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MSL Route Map
Ares57
post Yesterday, 03:35 AM
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The legend to this map shows "2m contour lines ...". What then do the figures "-4720, -4269 etc" adjacent to the contour lines mean? If the lines are 2m in elevation apart then the slope between -4720 and -4269 along the illustrated path of the rover is almost 30 per cent. Even if the legend is supposed to be 1 m, then the slope is 15 percent, which seems a dramatic increase on recent times.

Another question in regarding Curiosity's position relative to Vera Rubin Ridge: post #946 shows a cross section which appears to indicate there are two layers to the hematite ridge. The link for this cross-section includes a reference to PIA18781 which is a an overhead map of the region's geology. In the bottom right corner of this image are two ochre coloured sections that appear to correspond to the two layers in the cross section. The lighter higher section is labelled on the map "Hematite ridge" but the legend at the left side labels the darker ochre section as "Hematite ridge". This darker section has a narrow tongue leading towards the break in the dunes which Curiosity has recently traversed. As far as I can tell from the JPL maps, Curiosity has been travelling on this narrow section since Sol 1669 and along the eastern edge since Sol 1678, reaching the main dark ochre area on Sol 1700. If the PIA18781 map is accurate, then has Curiosity been able to detect hematite? I suspect the map may need revising, because several of the recent USGS updates have talked about continuing examination of Murray formation rocks, which according to the cross-section should by now be well covered by the hematite material.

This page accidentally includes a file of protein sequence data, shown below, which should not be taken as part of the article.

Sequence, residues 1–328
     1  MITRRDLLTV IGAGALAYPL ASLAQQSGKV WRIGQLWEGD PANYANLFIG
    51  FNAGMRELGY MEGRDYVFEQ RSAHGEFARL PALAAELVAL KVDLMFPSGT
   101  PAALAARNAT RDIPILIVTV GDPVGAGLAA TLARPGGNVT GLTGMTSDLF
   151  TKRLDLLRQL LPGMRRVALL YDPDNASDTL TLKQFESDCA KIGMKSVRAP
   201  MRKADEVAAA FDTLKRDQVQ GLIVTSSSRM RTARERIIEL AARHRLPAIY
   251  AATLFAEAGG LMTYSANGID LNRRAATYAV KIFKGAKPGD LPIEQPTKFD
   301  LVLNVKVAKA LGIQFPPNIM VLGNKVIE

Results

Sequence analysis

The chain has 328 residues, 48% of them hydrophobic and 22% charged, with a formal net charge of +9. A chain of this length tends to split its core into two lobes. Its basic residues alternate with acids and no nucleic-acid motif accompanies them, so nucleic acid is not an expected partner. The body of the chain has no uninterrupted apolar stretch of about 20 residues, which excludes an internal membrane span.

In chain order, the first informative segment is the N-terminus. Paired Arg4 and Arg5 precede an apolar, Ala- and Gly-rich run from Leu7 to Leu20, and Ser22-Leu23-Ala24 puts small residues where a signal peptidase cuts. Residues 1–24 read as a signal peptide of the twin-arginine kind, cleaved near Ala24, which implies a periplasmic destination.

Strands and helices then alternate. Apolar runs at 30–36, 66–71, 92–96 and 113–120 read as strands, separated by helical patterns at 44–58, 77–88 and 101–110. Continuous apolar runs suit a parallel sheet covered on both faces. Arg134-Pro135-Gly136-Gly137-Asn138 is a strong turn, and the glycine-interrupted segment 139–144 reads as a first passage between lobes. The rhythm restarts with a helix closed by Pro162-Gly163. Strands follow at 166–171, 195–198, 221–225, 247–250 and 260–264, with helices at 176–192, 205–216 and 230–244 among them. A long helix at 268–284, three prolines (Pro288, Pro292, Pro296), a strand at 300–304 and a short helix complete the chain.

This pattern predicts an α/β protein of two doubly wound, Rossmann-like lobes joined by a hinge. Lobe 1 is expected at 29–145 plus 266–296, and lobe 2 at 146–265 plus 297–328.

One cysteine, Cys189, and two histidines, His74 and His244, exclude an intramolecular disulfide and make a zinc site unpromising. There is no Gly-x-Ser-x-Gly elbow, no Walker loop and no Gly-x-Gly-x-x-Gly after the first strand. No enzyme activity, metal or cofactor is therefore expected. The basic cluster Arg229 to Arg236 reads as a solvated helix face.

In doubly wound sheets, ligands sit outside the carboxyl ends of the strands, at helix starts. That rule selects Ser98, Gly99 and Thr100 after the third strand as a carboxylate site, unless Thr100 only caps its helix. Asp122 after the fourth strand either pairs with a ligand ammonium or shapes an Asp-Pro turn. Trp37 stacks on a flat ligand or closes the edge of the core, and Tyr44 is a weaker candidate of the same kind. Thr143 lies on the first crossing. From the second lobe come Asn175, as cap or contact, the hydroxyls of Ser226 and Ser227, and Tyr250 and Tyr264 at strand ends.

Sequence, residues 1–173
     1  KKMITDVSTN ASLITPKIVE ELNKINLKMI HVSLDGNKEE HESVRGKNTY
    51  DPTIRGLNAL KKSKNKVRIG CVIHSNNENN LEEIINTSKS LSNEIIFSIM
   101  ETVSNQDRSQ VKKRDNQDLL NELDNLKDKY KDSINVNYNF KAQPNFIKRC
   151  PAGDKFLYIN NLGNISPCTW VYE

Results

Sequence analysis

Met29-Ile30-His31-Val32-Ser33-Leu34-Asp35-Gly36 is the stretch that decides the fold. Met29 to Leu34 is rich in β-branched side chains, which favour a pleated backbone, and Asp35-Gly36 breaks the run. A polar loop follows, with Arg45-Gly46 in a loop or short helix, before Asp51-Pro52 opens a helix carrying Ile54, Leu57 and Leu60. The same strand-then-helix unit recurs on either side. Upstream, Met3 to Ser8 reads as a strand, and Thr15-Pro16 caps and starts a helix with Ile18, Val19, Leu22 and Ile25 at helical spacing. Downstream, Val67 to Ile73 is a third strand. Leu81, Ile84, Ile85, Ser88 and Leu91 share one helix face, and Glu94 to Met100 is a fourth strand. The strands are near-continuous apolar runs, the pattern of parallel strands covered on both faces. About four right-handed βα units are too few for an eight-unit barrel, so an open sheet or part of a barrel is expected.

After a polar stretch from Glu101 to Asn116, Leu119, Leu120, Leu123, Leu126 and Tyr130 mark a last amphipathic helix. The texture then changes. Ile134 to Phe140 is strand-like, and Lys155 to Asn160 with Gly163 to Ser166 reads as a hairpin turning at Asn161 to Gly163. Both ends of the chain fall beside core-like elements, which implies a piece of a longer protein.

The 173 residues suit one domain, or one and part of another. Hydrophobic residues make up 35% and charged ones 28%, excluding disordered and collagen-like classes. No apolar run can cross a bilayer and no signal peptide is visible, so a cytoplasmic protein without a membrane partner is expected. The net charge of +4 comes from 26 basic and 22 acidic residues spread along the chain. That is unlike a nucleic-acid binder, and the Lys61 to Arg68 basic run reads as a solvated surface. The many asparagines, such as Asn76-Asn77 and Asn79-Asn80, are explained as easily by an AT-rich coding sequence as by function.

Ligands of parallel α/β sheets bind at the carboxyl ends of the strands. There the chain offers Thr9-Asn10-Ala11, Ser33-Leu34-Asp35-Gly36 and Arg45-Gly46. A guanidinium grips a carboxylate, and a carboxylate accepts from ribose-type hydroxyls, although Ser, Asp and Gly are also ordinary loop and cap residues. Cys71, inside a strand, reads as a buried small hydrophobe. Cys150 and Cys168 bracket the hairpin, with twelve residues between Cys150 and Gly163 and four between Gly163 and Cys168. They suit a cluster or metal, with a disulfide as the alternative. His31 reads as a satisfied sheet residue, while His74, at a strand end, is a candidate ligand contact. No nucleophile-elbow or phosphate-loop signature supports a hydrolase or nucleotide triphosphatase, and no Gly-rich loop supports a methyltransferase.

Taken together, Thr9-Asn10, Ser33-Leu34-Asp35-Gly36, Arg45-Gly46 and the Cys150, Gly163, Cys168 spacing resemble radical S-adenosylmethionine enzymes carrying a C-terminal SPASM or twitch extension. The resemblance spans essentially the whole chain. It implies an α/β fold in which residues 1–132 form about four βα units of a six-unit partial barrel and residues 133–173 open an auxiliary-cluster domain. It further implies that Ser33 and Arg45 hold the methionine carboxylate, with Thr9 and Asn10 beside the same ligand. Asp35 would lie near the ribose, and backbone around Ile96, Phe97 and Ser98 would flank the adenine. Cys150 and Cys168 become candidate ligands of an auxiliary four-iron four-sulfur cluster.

I have searched for a more recent map than PIA18781, but without success.
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serpens
post Yesterday, 06:08 AM
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Basically to measure height (or depth) on Earth or mars you need a datum or agreed start point. On Earth we use averaged sea level as the datum. On Mars the equipotential surface based on MOLA data is used to define the datum. The floor of Gale crater is below the datum and therefore as Curiosity climbs the elevation in metres reduces. I gather you are referring to PaulH51's posted map and the 47-- figures are the contour line depth in thousands of metres, with one metre intervals. So Curiosity has climbed 7 metres over a run of some 80 metres which is around a 5 degree slope.

The HiRise images are amazing in their detail but it is extremely difficult to resolve the nature of the surface from images in isolation. CRISM identified that the erosion resistant ridge was rich in hematite. Relative erosion resistance plus hematite is a reasonable indication that water was involved. But there is no tongue of the hematite ridge leading to Curiosity's position although I can understand why the surface patterns inclined you to think that way.
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